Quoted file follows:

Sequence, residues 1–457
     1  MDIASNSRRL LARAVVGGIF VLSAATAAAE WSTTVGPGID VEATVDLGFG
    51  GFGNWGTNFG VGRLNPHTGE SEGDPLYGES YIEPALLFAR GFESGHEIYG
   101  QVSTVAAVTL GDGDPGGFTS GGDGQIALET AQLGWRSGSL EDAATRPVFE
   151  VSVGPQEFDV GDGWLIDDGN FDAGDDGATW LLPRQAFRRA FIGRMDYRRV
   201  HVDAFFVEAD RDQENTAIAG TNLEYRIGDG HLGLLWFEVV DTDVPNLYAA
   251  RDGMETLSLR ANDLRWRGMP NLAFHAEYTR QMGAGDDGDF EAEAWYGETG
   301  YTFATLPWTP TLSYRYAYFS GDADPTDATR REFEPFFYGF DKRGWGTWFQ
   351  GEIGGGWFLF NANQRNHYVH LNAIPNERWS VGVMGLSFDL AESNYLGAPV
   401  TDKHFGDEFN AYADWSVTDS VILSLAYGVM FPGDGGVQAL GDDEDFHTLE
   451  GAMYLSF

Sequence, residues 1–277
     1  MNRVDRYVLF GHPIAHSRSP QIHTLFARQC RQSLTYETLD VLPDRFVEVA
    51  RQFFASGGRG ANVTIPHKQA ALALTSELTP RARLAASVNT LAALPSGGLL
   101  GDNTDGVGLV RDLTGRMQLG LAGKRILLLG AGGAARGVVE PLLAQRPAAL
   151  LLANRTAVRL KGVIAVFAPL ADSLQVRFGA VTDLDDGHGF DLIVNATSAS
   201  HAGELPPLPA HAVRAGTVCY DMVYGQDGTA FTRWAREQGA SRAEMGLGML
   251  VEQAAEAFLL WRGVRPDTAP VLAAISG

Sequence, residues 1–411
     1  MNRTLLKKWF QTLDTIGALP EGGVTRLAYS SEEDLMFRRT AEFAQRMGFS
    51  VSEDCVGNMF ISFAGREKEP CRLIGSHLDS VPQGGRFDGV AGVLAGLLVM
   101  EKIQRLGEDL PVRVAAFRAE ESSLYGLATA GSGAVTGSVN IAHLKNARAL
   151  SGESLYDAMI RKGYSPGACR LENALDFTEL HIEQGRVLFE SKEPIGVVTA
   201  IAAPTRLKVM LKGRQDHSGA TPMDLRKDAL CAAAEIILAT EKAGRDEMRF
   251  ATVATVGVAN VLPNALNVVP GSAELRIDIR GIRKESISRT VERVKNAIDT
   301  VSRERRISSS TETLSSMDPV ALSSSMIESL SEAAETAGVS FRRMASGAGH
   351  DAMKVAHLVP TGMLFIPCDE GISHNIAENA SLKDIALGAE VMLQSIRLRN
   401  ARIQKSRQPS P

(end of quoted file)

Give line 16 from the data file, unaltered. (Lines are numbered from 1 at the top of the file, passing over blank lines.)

   151  LLANRTAVRL KGVIAVFAPL ADSLQVRFGA VTDLDDGHGF DLIVNATSAS